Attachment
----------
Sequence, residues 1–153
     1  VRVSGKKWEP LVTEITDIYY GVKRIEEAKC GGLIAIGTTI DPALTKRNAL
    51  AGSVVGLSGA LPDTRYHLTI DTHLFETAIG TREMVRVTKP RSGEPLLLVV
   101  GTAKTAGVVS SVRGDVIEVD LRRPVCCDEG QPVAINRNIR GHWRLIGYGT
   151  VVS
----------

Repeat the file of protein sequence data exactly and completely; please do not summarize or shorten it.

Sequence, residues 1–153
     1  VRVSGKKWEP LVTEITDIYY GVKRIEEAKC GGLIAIGTTI DPALTKRNAL
    51  AGSVVGLSGA LPDTRYHLTI DTHLFETAIG TREMVRVTKP RSGEPLLLVV
   101  GTAKTAGVVS SVRGDVIEVD LRRPVCCDEG QPVAINRNIR GHWRLIGYGT
   151  VVS